The triumph of the 'me generation', the tidal wave of money, the emergence of the underclass, the dumbing down of culture by the electronic media . . . What is missing from this list of the big ideas of the last half century? The Lottery of course, that born-yesterday behemoth that is a bigger idea than any of them, and has not only blotted out all memory of the rest of the twentieth century but has the twenty-first in a grip that grows firmer with every passing day.
Despite its statutory 'transparency', it is bizarre how little people know about the Lottery. The figures quoted for its income and disbursements vary wildly.
With 28 per cent of its takings dedicated to good causes, you would think this simple enough to calculate, but it isn't. The highest figure for gross takings I have ever seen quoted was £250 billion a year! A fantastic sum cooked up by the Dutch magazine Archis which, if correct, would have meant 'good cause' disbursements to the value of £70 billion a year - enough to keep the entire architectural profession in work for the rest of recorded time. But then that was just a wild guess. Nearer the mark, probably, was the London Evening Standard's claim that the Lottery Development fund had only paid out a measly £2.6 billion to good causes since 1994, leaving enough on deposit to bring the nation's balance of payments into credit, plus a nice little nest egg of £1.5 billion not yet awarded to anyone.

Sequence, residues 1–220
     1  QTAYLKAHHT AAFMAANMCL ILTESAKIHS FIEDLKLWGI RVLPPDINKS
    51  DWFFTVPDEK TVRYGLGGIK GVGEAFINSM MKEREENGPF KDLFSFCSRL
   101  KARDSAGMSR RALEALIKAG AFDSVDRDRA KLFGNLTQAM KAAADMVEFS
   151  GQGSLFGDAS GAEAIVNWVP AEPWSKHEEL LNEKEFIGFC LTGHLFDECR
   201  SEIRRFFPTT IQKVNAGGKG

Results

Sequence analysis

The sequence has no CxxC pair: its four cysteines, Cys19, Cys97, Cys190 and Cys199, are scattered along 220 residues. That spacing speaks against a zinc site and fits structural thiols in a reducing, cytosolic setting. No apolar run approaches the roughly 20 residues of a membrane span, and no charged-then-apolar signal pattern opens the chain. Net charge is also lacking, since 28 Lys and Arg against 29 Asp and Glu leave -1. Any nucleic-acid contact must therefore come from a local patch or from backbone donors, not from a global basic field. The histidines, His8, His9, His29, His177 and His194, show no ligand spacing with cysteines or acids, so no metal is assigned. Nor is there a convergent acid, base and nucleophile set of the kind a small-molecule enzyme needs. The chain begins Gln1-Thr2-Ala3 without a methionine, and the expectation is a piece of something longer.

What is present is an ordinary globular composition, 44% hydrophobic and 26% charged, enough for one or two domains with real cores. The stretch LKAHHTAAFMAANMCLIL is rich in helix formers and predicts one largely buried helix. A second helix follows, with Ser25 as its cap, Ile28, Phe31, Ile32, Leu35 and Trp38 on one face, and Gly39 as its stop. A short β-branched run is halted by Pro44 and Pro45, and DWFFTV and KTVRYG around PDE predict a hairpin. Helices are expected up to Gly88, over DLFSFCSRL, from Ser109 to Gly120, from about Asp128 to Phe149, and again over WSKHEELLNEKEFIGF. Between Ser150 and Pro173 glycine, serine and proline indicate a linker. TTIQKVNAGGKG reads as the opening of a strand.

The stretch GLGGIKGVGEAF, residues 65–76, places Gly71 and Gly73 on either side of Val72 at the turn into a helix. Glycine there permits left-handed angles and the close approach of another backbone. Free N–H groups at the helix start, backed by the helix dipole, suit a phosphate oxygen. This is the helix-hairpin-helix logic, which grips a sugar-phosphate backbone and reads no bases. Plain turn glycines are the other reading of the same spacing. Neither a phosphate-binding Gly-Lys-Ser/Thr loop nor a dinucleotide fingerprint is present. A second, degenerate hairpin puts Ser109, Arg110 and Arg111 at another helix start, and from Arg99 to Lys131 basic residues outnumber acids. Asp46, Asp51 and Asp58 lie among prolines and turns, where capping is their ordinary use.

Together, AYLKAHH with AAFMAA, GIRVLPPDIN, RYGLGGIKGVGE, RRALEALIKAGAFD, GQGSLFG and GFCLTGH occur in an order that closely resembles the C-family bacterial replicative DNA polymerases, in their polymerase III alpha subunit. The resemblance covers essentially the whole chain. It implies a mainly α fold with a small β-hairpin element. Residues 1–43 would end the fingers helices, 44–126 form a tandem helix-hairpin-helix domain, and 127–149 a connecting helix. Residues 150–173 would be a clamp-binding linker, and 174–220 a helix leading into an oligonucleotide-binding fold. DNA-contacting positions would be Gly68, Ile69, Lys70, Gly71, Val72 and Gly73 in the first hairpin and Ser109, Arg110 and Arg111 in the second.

Clearly, if this is how the sacred principle of additionality has been working (all Lottery disbursements are required to be over and above existing government funding), it is hardly surprising that the government looks suspiciously as though it is thinking of taking a bite at the Lottery cherry.
The opportunity has arisen in part because of the unpopularity of Camelot and the approaching end of its franchise, and in part because of the creation of the New Opportunities Fund (nof) under the 1998 Lottery Act. Under this act the new fund will not only receive one sixth of the money diverted to good causes but, after 2001, all the money that presently goes to the Millennium Commission. From this lion's share it will make grants to an ill-defined range of education, environment and public-health projects. Most suspiciously, because it will be operated by civil servants and not the usual Lottery crowd of unusually representative people, it will in effect be under the control of government ministers from day one.
For those many hundreds of architects still hoping to wrest a few hundred millions from the Lottery Development Fund, this cannot be good news. The nof claims to be more interested in after-school clubs than in diverting billions back into education and health but, mindful of the principle of additionality, it would, wouldn't it?
Give it a few years and the government will announce a new Ministry of Chance to run the nof and have it take the original four disbursing bodies under its wing. Not much chance of laying hands on that Lottery nest-egg for a world craft museum, I presume.